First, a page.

Fish cognition and welfare, Earth hour on Saturday & Science Into Practice #141 Material and food exploration

Fish cognition and welfare

This month on the animal wellbeing platform is about animal cognition. This concept refers to a suite of mental processes of non-human animals, including perception, learning, decision-making, and memory.

Research on animal cognition has revealed that many species of animals possess complex mental abilities that were once thought to be unique to humans. For example, chimpanzees have been shown to be able to use tools, solve complex problems, and communicate with each other using a complex system of gestures and vocalisations. Birds have demonstrated the ability to use tools, recognise themselves in mirrors, and remember the location of hidden food caches.

Over the last decades, we have seen an increased interest in fish cognition and welfare. The ability to feel pain has gained interest in research, with several studies focusing on understanding pain experiences and welfare issues in fish. This Science into Practice resource of a review article by Lynne U. Sneddon explores the factors to understand pain in animals and the nature of nociception in fish. While understanding the molecular biology of pain is important, it is also crucial to consider behavioural and physiological changes after a possibly painful event in order to properly evaluate the ability to feel pain in an animal.

Self-recognition in fish has also gained interest in the last years. A recent study by Kohda et al. has found that cleaner fish recognise their own facial characteristics in photographs, and that the likely mechanism for mirror self-recognition (MSR) is associated with a mental image of the self-face.

Want to learn more about animal cognition and other topics of animal behaviour and welfare science? Sign up HERE to access, share, and learn anytime, anywhere.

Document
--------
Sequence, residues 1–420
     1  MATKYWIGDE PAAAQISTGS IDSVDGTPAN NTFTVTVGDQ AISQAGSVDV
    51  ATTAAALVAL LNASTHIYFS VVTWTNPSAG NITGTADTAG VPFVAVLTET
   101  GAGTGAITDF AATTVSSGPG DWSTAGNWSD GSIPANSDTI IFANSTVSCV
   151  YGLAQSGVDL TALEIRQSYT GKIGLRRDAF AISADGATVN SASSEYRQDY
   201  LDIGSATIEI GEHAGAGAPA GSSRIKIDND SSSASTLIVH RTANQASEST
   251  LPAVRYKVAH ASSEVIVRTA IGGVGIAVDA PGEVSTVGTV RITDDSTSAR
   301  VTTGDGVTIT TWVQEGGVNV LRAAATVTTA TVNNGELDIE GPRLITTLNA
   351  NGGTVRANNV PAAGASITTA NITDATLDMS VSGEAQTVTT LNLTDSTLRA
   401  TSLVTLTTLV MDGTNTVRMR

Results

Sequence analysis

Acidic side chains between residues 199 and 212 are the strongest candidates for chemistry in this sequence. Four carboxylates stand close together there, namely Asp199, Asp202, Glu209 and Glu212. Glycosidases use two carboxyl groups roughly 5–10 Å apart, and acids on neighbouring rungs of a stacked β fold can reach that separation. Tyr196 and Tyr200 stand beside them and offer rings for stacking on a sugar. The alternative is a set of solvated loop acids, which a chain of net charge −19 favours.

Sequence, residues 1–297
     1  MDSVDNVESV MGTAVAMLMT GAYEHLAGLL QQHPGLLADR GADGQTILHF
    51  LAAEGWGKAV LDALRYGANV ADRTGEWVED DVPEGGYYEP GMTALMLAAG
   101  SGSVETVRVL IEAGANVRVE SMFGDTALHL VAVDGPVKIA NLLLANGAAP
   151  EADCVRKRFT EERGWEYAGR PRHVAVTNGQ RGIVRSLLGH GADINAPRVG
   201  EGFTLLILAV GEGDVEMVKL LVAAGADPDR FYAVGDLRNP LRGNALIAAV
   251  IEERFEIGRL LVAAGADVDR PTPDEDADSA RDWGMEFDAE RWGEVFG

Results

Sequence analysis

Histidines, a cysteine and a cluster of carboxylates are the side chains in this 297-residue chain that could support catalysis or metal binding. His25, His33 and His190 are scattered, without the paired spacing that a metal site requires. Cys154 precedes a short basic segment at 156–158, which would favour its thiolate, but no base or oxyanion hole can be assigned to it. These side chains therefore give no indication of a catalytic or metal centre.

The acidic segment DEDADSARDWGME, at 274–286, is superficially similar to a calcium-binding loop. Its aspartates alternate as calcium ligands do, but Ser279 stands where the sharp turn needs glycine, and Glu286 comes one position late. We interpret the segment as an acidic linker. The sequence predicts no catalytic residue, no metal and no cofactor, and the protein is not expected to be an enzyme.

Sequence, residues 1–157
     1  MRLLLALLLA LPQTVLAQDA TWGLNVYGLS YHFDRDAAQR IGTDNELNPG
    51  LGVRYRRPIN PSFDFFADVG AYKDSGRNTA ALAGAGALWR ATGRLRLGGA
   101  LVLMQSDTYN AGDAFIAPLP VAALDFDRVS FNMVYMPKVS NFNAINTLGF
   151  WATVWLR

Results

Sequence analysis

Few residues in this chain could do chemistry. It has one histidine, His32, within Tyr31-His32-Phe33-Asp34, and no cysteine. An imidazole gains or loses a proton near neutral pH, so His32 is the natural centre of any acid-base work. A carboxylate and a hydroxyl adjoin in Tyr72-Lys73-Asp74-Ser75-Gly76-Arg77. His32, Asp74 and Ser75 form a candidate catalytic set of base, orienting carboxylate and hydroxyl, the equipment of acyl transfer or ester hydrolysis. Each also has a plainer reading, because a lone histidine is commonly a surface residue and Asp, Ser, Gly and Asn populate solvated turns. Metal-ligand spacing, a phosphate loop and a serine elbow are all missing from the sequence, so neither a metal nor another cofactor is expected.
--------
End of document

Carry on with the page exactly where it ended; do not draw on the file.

The Earth hour

Earth Hour is a global event that happens every year on the last Saturday of March. During the event, individuals, businesses, and governments around the world turn off their non-essential lights for one hour as a symbol of their commitment to the planet.

Earth Hour is not just about turning off lights for an hour; it is also about promoting sustainable practices and lifestyles. These practices can include: using energy-efficient light bulbs and appliances, walking or biking instead of driving, eating less meat and dairy, travelling responsibly, supporting renewable energy sources like solar and wind power, being a conscious consumer, including the 7Rs (Rethink, Refuse, Reduce, Reuse, Repair, Regift, Recycle) in our daily lives, and planting trees.

There are many ways to take part online or at home and show your support for the planet. You can attend an event in your country, join a local community, or expand your knowledge about our climate change, nature loss and biodiversity and other issues about our planet. Check HERE to explore more about this event and find many ways to help the planet.

Earth Hour is a powerful reminder that every individual has the power to make a difference in the fight against climate change. By taking small steps to reduce our carbon footprint and advocating for larger-scale changes, we can help create a more sustainable and livable planet for future generations.


INTERBEING is 4 interconnected platforms & a community, which continues to grow with new content every week! Another Science into Practice is available on the animal wellbeing platform, as well as new foundations, human, and planetary wellbeing content.


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